Member Profile: Katina Bush
September 27, 2016
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Meet Katina Bush,
Marketing Outreach Specialist, Jewish Community Center of San Francisco
We periodically feature veteran and new PRSA San Francisco members, and tell the story of their public relations career. If you would like to suggest a PRSA San Francisco member for a profile, please send an email to firstname.lastname@example.org.
Why did you join PRSA and what is one of your favorite benefits that the organization provides?
I was a member of PRSSA in college, and because I valued my experience and the learning opportunities, I decided to join PRSA once I graduated. I wanted to take part in continuing my education, participate in industry activities, and network with other members in an effort to keep improving myself professionally. My favorite benefits are the seminars and webinars. I am all about gaining knowledge and applying the latest tips, tricks and trends to my work and these two offerings allow me to do that and share with my team.
You have been in PR for over7 years. Share a few ways it has changed over the years and where you see it going.
I came into the industry just as social media really started picking up as a method for reaching audiences. Now, social strategy is a must-have in communications and PR plans and programs, not just something you hope and wish you can implement. Talking with faculty at my alma mater, I heard that they now offer full courses on Digital Public Relations and incorporate social media plans into projects, sample campaigns, and case studies. I have also noticed a decline in traditional methods of contact. When I started, you could still reach a journalist or editorial team by phone, but now, with all the online new outlets, email and connection via social media is the most successful way to get in touch.
My current role is incredibly blended. I hold a ‘marketing’ title while I spend most of my time connecting with stakeholders and reaching out to the community in efforts to build awareness and new audiences – something more like a true PR practitioner. Part of this overlap is also related to the increase use of digital strategy in marketing, advertising, and communications programs. With all three utilizing social media, it can be hard to exactly mark the lines between each. I see this convergence of marketing & communications, especially, continuing to become common place as duties for the two exceeding weave together.
Tell us about one of your most memorable experiences during your career.
This is a great question! I had just started as a press relations assistant and I was asked to accompany our talent on a local media tour to various news studios to complete on-air interviews. I spent 3 days with them at multiple locations for morning show segments promoting their upcoming appearance. I learned so much in just those few days about talent relations and working with live news programs and producers, beyond what you could ever gain in a classroom or by reading a book. This experience also provided me with my first ‘mini’ crisis. We had a Latin American actor and actress who were requested to incorporate the Spanish-speaking market with some interviews on the local Univision and Telemundo affiliates, but the actress didn’t speak fluent Spanish. We had told the editors and producers upfront that she would only be able to complete her interviews in English. They were completely understanding and said that it would be no problem and that we could complete them in the same segment to save time. Then, live and on-air, the anchor directed questions to her in Spanish to which she did not completely understand nor knew how to answer. Those moments of confusion on her face and silence seemed to linger on forever. Since we were on set in the background, we motioned to the actor to interject and he smoothly stepped right in with a joke in Spanish to cut the tension. It worked and she piggy-backed on the humor from him (in English, of course) and lightly laughed at herself for freezing up and “being the worst Latina” for not taking an opportunity to develop her Spanish-speaking skills as a child. It all made for a friendly, fun, and great (rare) bilingual segment for their program. However, we were worried that members of the Latino community would be frustrated with us for having a non-Spanish speaking Latina actress complete interviews, but we were actually met with a warm response for including her and being honest about her language skills instead of attempting to fool them and fake it. It all worked out so fabulously!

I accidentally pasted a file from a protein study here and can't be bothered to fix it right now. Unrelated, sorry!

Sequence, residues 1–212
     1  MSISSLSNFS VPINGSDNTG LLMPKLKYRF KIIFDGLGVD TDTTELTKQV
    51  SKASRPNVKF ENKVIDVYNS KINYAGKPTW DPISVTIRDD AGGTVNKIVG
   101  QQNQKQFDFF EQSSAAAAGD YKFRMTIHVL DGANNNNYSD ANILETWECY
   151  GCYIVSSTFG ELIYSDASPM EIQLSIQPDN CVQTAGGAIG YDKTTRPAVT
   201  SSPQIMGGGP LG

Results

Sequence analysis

What’s your best advice to the new generation of PR professionals?
Don’t stop learning. Don’t stop meeting people. This industry, as most, keeps growing and evolving. There will always be something new to learn about or skills to refine. A lot of making it in this line of work is also knowing people and developing relationships. Both learning and fostering relationships will take time, but it will be worth it in the end and will make you all the more successful.